4. Do I have to take a credit counseling course?
You will, in either a Chapter 7 or Chapter 13 Michigan bankruptcy, be required to take two online or by-telephone credit counseling courses: one before we file your petition, one after we file your petition.
5. Will my bankruptcy affect my spouse?
If you are married, you have the option of filing a joint bankruptcy petition along with your spouse, but, if you and your spouse do not wish to do so, you need not worry that your bankruptcy will affect your spouse’s credit. A bankruptcy filing is tied to an individual Social Security Number, and to that number only. Your bankruptcy will not appear on your spouse’s credit report or affect his or her credit. The bankruptcy court will have no jurisdiction over your non-filing spouse’s assets. Neither will your bankruptcy discharge, however, your spouse’s liability for his or her own debts or for his or her liability for any joint debts that you share.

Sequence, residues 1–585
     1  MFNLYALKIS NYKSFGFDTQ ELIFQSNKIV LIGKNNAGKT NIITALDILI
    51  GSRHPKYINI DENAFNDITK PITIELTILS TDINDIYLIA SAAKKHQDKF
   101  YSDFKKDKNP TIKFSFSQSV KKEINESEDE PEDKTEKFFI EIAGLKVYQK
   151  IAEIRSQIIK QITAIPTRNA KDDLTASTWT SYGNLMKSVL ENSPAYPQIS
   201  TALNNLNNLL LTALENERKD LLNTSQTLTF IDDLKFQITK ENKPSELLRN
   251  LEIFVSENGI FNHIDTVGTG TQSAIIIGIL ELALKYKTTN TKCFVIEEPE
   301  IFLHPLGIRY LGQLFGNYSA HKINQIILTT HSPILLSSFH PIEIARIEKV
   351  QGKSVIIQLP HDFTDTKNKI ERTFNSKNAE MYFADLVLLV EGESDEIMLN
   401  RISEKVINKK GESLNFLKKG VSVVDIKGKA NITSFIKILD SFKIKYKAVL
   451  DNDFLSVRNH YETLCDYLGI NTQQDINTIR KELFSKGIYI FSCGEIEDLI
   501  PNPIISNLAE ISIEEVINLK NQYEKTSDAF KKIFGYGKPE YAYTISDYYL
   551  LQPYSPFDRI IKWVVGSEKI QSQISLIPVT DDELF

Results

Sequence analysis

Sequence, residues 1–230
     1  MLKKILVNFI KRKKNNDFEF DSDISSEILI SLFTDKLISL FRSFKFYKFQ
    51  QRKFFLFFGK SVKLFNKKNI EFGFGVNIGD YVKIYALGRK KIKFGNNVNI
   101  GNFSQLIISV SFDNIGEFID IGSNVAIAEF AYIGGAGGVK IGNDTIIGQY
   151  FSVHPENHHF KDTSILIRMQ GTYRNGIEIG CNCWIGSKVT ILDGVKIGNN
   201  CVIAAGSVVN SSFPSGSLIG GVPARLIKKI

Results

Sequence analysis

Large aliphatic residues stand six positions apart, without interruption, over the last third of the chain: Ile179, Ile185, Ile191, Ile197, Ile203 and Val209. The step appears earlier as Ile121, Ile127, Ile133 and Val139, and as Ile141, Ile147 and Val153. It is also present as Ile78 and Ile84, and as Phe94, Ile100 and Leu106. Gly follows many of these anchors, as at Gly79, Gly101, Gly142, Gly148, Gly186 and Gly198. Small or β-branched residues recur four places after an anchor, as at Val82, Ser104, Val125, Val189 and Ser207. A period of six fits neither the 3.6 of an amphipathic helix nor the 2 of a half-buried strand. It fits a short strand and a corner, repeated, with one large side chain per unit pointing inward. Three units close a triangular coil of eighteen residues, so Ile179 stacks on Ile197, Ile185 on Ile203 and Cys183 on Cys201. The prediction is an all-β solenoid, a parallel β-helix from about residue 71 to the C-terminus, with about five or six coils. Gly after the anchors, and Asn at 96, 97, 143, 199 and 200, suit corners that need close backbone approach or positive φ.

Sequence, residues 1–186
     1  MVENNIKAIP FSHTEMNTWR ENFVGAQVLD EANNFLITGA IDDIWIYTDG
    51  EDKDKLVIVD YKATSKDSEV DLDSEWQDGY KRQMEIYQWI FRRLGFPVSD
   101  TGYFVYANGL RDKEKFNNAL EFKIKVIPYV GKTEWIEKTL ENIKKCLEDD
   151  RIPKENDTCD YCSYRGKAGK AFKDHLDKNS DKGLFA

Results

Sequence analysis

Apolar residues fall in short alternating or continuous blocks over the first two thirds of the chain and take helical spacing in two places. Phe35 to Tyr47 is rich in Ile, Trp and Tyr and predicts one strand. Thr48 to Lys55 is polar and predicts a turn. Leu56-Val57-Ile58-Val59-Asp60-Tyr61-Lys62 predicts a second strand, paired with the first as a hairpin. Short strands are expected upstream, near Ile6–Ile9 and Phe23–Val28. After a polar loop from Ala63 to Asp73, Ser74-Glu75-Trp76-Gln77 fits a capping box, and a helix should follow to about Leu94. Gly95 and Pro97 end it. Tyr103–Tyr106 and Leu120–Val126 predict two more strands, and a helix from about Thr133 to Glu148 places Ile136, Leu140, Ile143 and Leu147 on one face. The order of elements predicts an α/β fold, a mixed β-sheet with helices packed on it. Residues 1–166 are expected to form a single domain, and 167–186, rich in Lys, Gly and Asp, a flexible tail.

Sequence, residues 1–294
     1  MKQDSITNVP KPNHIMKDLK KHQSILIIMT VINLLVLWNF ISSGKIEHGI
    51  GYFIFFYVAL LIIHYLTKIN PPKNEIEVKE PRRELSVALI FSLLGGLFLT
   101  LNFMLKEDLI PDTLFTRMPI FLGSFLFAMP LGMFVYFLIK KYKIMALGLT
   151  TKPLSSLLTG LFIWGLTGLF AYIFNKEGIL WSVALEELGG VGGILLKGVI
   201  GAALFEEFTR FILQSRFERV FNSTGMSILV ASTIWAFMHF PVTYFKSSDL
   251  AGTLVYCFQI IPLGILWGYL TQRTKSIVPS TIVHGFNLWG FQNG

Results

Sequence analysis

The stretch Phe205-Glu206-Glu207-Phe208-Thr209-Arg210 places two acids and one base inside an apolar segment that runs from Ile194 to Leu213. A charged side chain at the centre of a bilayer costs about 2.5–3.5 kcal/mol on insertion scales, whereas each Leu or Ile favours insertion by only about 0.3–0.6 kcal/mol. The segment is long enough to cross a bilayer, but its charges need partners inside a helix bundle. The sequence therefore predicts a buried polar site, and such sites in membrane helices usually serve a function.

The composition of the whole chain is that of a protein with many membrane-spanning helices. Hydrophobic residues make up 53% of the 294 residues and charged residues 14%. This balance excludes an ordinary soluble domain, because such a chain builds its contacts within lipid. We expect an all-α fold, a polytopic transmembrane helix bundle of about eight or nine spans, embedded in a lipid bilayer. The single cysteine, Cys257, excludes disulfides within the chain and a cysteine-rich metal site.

6. Can I keep my credit cards after filing?
You must by law disclose and include all debts of any sort in your bankruptcy petition. It is a myth that you can file bankruptcy only on some debts and keep others. All unsecured debts, which include credit-cards, must be listed and will be discharged entirely. If you have a credit-card with a zero balance, it is not a debt that will be listed as such in your bankruptcy petition, but, in nearly every case, credit-card issuers will close your line of credit card out after you file once they receive notice of the filing from the credit bureaus. However, you will receive many solicitations for new credit cards after you receive your bankruptcy discharge, though you will want to be cautious as to the interest-rates offered.
7. How much of my stuff am I allowed to keep?